During this goal-seeking process, I recruited all my friends to join me in learning how to drink. I am sure I used l some of my newly developing leadership skills, like embarrassment and intimidation. It worked. Most joined me. The ones I remember today are the friends who didn’t follow me into this abyss. They are the boys who became men of character long before I learned what that meant.
I went to high school in New York City.
The drinking age back then was eighteen. It didn’t take long for me and my select alcohol-seeking high school friends to figure out the liquor stores and bars that would serve us without proof of age. It also didn’t take long to figure out how to create phony identification to prove we were over eighteen. The most accessible identification to copy was the United States draft card. I made money forging these documents for my friends. I was an entrepreneur even back then.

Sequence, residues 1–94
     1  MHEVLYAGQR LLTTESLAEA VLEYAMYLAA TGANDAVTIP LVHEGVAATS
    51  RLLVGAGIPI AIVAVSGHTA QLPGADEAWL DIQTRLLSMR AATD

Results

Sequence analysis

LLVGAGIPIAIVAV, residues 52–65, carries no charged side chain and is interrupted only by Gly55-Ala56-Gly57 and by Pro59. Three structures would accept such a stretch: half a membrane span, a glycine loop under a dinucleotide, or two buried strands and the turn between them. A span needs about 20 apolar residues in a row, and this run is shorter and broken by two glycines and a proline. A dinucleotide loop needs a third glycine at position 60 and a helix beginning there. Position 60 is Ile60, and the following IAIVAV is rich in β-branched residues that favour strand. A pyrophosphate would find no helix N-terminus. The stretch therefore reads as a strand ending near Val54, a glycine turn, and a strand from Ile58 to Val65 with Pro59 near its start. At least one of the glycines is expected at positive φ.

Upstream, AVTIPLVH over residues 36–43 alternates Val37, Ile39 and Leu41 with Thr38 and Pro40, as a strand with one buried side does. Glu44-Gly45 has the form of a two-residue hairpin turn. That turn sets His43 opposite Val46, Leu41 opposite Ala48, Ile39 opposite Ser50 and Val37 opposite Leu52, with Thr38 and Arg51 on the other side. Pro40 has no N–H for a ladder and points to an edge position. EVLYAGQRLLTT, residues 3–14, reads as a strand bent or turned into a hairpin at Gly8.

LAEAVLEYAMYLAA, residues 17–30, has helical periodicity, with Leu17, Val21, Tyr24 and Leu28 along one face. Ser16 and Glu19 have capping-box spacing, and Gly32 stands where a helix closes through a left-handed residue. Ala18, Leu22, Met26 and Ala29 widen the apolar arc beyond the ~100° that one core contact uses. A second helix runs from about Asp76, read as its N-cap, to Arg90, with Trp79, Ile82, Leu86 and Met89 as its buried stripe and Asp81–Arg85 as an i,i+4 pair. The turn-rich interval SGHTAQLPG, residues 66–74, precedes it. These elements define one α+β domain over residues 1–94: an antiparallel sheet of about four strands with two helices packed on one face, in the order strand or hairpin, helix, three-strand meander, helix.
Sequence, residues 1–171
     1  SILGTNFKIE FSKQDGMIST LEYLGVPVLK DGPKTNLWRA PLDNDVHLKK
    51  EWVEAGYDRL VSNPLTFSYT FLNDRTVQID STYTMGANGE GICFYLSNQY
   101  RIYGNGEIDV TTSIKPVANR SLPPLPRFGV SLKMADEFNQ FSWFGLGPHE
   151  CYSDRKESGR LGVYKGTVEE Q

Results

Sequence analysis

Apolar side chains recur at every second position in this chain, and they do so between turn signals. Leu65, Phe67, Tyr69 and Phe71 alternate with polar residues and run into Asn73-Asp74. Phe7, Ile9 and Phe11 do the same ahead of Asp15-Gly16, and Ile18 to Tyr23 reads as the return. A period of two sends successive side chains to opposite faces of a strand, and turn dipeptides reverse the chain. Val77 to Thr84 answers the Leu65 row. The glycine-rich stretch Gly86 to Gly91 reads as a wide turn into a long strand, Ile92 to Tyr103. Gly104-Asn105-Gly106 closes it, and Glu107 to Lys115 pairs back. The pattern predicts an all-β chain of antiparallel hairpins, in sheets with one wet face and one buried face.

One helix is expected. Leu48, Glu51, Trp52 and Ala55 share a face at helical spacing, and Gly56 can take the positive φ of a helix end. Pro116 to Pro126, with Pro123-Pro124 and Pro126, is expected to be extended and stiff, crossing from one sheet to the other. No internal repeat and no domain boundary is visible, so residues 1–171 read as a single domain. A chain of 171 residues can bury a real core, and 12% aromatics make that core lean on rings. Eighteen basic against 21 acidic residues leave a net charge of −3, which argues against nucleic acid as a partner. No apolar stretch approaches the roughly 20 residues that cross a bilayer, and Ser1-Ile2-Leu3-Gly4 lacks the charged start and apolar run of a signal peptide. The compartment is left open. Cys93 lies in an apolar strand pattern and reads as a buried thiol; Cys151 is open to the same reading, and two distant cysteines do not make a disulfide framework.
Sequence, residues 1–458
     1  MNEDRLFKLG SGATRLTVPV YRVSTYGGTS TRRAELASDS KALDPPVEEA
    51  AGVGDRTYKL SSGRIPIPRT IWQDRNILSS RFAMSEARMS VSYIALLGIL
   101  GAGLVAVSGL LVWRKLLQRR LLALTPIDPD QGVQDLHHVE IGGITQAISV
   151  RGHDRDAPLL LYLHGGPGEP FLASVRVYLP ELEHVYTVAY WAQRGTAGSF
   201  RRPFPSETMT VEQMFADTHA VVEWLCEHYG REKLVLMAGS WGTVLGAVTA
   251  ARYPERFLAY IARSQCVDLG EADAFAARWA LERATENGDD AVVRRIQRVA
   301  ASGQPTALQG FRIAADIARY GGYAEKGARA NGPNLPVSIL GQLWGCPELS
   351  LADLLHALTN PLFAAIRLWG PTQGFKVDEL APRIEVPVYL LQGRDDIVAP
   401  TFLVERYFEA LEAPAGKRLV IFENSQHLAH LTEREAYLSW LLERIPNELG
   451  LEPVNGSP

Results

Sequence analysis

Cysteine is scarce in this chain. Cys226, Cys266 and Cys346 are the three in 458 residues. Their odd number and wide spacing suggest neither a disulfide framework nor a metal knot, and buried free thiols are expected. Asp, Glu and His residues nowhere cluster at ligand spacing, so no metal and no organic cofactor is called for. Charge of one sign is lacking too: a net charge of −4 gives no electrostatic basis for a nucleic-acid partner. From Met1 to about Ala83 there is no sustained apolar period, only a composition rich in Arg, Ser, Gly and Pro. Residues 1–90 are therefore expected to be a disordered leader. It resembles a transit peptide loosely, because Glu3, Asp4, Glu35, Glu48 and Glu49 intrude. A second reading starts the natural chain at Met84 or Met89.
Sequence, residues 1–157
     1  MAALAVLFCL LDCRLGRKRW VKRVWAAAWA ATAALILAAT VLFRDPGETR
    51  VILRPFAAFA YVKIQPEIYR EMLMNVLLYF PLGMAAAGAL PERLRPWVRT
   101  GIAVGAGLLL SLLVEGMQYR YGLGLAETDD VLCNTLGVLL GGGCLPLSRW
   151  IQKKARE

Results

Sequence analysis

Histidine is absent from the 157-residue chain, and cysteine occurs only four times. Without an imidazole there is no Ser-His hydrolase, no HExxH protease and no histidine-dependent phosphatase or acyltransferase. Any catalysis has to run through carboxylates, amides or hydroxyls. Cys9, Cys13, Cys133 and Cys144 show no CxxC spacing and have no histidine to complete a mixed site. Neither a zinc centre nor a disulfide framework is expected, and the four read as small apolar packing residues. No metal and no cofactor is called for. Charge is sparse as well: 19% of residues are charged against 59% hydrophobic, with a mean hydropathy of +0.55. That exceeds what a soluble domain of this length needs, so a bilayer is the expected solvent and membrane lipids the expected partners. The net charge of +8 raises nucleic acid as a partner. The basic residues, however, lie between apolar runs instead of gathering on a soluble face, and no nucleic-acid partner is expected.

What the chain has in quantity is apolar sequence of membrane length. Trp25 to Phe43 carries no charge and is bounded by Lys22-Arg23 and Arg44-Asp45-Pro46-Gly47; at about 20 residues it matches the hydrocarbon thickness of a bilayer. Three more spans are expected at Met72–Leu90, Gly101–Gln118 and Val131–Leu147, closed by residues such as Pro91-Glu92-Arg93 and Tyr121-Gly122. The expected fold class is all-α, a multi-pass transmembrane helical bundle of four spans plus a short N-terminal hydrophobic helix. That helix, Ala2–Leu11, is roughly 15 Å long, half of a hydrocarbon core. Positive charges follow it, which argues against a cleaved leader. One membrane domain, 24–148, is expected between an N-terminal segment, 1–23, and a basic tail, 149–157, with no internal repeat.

Armed with phony IDs in an alcohol-friendly city, I built my tolerance and reputation. Some friends hung in there with me during this challenging period of becoming a drunk. Others just weren’t brave enough to keep up. I guess they couldn’t physically handle it. Or, maybe they couldn’t take the lies we had to tell our teachers and parents to remain angelic in their eyes.
When I turned eighteen, my father, a model of a functional alcoholic, decided it was time. He said, “It is high time I taught you how to drink. You must learn this so you don’t embarrass yourself at parties.”